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Homemade Coffee Syrup

March 22, 2012



If you've shopped for coffee syrup in the grocery store lately you know they are ridiculously expensive.  But even more disturbing than the expense are the ingredients - preservatives and corn syrup.  The syrup used for coffee is quite simply a flavored simple syrup.  Making it yourself not only saves money, but allows you to keep out the unnecessary ingredients and to flavor it to the strength you desire.  It's the perfect thing to have on hand for iced summer drinks as well, which takes away the issue of trying to dissolve granulated sugar in iced drinks.  {because there are no preservatives, this does have an expiration - usually lasts 30-60 days in the refrigerator}

Here's a few flavors I like to keep on hand:

The Basic Recipe - Simple Syrup:
1 c. water
1 c. granulated sugar

Put both in a small saucepan over medium-high heat and bring to a low boil, stirring often.  Boil for 5-7 minutes, or until all sugar has dissolved.  Remove the pan from the heat and allow to cool.  Store in a sealed container in the refrigerator.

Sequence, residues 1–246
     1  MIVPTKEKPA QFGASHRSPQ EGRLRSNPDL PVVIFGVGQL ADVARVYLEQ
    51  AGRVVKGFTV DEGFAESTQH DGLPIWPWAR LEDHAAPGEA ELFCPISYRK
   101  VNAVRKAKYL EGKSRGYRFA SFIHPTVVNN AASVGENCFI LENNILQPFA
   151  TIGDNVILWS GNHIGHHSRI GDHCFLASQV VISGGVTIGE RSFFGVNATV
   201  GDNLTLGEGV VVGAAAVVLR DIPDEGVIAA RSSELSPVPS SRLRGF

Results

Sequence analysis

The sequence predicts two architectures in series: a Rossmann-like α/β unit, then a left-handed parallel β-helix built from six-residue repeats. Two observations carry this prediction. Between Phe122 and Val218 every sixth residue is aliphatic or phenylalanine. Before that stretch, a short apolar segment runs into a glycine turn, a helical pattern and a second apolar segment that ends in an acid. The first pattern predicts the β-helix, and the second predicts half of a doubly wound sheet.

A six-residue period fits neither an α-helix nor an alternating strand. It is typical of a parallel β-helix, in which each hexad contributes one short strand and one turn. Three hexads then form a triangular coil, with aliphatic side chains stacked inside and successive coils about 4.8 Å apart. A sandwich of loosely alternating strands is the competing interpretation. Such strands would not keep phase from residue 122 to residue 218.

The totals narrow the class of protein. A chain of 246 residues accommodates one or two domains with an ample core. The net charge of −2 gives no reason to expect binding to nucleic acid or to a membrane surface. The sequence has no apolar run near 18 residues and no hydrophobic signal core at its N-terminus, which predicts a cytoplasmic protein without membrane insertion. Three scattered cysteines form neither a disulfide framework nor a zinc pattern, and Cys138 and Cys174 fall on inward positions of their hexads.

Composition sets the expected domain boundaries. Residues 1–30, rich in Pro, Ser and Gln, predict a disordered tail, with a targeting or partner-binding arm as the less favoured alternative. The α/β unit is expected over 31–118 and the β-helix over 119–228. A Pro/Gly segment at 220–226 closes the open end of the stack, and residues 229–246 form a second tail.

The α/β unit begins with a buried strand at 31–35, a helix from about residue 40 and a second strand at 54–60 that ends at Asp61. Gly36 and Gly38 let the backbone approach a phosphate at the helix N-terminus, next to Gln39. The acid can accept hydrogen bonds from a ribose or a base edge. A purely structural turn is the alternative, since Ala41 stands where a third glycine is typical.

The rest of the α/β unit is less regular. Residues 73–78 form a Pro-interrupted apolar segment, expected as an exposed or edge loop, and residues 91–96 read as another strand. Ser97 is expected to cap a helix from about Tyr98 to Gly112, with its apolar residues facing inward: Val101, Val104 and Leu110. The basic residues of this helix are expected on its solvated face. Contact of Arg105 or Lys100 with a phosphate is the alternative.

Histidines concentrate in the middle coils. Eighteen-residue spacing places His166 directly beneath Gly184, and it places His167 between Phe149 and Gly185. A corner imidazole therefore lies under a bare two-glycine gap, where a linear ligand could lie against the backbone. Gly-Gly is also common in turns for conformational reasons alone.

If you'd like to flavor your syrup, here's a few I've tried:

Vanilla Syrup: Either add 1 vanilla bean pod to the saucepan with the sugar and the water and remove after the syrup has cooled, or, you can add 1/2 - 1 t. vanilla extract (depending on the strength you desire) to the syrup once you have removed it from the heat. (this recipe is the perfect place to use clear vanilla if you have any in your pantry)

Cinnamon Syrup:
Add 1 t. ground cinnamon to the sugar and water.  Proceed with the Simple Syrup recipe above.  Shake well.

Raspberry Syrup:
Add 1/2 c. fresh or frozen raspberries to the sugar and water.  Following the recipe above, bring to a boil, smashing the raspberries against the pan to release the juice.  After the syrup has cooled strain the syrup prior to using and/or storing.  Shake well.

Coconut Syrup:
Add 1/4 cup + 1 T. Cream of Coconut (not coconut milk) to the water and sugar.  Proceed with recipe above.  Once you've removed the pan from the heat, add 1/4 t. coconut extract, if you would like a little more coconut flavor. ** The syrup may appear to separate after refrigeration.  If shaking alone will not break up the layers, I poke a shish kebob skewer in the bottle and this breaks it up.  Shake well. **

Caramel Syrup:
Follow the simple syrup recipe above.  Once syrup is removed from the heat, stir in 1/4 - 1/2 c. caramel sauce, depending on the strength you desire.  ** The syrup may appear to separate after refrigeration.  If shaking alone will not break up the layers, I poke a shish kebob skewer in the bottle and this breaks it up.  Shake well. **






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